Thesis - Open Access
Master of Science (MS)
Chemistry and Biochemistry
3-Mercaptopyruvate, cyanide, cyanide antidotes, fluorescence, HPLC
Although the current FDA approved cyanide antidotes (i.e., sodium nitrite, sodium thiosulfate, and hydoxocoboalamine) are effective for treating cyanide poisoning, each individual antidote has major limitations, including large effective dosage, delayed onset of action, or dependence on enzymes generally confined to specific organs. To overcome these current limitations, next-generation cyanide antidotes are being investigated, including 3-mercaptopyruvate (3-MP). Analytical methods capable of detecting 3-MP from plasma are essential for the development of 3-MP as a nextgeneration cyanide antidote. Although 3-MP has been analyzed by LC-MS-MS, this instrument is not widely available. Therefore, a high performance liquid chromatography (HPLC) method with fluorescence detection (FLD) was developed to analyze 3-MP from swine plasma such that more labs could potentially perform the method. Sample preparation included spiking the plasma with the internal standard (3-mercaptopropionic acid) and reacting the 3-MP and IS with monobromobimane to prevent the characteristic dimerization of 3-MP. The method produced a limit of detection of 0.5 nM, a large dynamic range, and good accuracy and precision. The solid phase mixed-mode anion exchange sample preparation protocol produced excellent selectivity for the method. The wide availability and affordability of the instrumentation and the simple of the implementation method presented should allow more labs to contribute to further investigations of 3-MP as a promising cyanide antidote.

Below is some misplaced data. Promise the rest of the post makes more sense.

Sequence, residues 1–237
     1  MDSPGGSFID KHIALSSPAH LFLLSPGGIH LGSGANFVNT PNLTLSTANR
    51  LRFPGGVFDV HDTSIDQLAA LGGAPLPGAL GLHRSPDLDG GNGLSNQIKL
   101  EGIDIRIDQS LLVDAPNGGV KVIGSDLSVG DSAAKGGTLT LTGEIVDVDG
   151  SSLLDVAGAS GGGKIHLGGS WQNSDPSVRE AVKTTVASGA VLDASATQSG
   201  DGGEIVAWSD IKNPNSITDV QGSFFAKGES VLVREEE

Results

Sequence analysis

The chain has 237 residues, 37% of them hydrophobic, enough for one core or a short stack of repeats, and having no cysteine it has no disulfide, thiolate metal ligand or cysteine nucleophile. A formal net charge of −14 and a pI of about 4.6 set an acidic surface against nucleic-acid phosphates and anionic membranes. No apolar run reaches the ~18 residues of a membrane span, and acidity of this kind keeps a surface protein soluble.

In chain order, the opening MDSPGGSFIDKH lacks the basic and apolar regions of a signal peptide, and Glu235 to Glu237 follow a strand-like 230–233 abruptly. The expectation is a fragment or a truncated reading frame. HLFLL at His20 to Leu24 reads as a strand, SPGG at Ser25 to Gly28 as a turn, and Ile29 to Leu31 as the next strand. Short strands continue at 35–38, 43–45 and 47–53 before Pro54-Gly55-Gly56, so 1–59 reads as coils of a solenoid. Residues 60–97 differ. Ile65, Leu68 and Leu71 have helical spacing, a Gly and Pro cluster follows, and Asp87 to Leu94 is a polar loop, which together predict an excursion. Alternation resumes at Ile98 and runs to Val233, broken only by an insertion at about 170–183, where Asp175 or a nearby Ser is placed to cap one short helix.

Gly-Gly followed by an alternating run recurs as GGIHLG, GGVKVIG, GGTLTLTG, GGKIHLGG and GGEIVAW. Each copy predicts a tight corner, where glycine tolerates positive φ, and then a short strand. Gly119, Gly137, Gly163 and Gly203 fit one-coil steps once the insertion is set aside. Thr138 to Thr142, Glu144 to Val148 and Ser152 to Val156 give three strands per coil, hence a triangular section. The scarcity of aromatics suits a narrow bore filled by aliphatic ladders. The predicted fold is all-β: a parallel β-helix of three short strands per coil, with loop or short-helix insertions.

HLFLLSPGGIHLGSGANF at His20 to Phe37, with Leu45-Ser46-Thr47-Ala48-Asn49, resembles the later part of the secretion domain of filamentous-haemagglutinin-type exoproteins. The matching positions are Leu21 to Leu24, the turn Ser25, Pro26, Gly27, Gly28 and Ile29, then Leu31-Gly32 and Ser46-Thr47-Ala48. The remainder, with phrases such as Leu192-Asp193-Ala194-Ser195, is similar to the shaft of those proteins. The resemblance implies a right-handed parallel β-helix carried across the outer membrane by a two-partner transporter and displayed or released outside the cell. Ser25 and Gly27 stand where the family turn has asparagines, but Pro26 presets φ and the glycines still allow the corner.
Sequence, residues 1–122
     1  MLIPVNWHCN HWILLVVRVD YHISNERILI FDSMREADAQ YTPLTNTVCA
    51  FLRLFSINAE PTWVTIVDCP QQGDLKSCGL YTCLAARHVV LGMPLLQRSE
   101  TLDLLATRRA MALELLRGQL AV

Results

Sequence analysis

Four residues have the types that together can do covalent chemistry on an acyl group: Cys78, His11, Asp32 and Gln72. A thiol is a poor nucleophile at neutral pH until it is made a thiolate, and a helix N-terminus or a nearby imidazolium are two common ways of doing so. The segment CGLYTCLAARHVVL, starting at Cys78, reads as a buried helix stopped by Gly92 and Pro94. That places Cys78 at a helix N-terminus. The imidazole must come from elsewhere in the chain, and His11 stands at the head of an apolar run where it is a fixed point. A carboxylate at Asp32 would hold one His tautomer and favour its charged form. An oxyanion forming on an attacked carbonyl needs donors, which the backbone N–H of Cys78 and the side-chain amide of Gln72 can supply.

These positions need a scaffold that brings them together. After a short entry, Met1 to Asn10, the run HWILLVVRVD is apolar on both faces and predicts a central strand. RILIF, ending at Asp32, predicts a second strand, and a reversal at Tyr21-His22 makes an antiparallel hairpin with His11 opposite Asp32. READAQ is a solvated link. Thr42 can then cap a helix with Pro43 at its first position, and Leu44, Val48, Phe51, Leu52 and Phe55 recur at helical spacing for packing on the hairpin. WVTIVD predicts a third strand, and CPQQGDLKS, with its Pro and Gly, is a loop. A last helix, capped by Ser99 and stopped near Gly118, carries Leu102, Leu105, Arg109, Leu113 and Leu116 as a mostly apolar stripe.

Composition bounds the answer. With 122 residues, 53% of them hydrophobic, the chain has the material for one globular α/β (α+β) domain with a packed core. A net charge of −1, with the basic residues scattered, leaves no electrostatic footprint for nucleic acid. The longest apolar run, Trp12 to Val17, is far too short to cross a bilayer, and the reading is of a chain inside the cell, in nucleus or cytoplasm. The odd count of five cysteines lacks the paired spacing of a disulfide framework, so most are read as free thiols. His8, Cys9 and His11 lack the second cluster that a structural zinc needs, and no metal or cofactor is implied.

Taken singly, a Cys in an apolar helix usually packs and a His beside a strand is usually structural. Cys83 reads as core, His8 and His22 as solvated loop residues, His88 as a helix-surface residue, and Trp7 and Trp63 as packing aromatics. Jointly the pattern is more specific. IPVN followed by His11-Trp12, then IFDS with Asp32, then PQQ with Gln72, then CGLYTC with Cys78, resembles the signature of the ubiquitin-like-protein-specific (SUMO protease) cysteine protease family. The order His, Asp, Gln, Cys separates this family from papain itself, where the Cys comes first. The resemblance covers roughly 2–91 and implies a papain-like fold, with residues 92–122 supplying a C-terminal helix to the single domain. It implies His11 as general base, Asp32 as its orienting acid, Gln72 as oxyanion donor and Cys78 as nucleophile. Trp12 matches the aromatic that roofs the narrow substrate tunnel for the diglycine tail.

Library of Congress Subject Headings
High performance liquid chromatography.
Includes bibliographical references (pages 34-37)
Number of Pages
South Dakota State University
In Copyright - Educational Use Permitted
Alzhrani, Elaf, "Development of a High Performance Liquid Chromatography Method for the Analysis of Next-generation Cyanide Antidote, 3-mercaptopyruvate, in Plasma" (2018). Electronic Theses and Dissertations. 2457.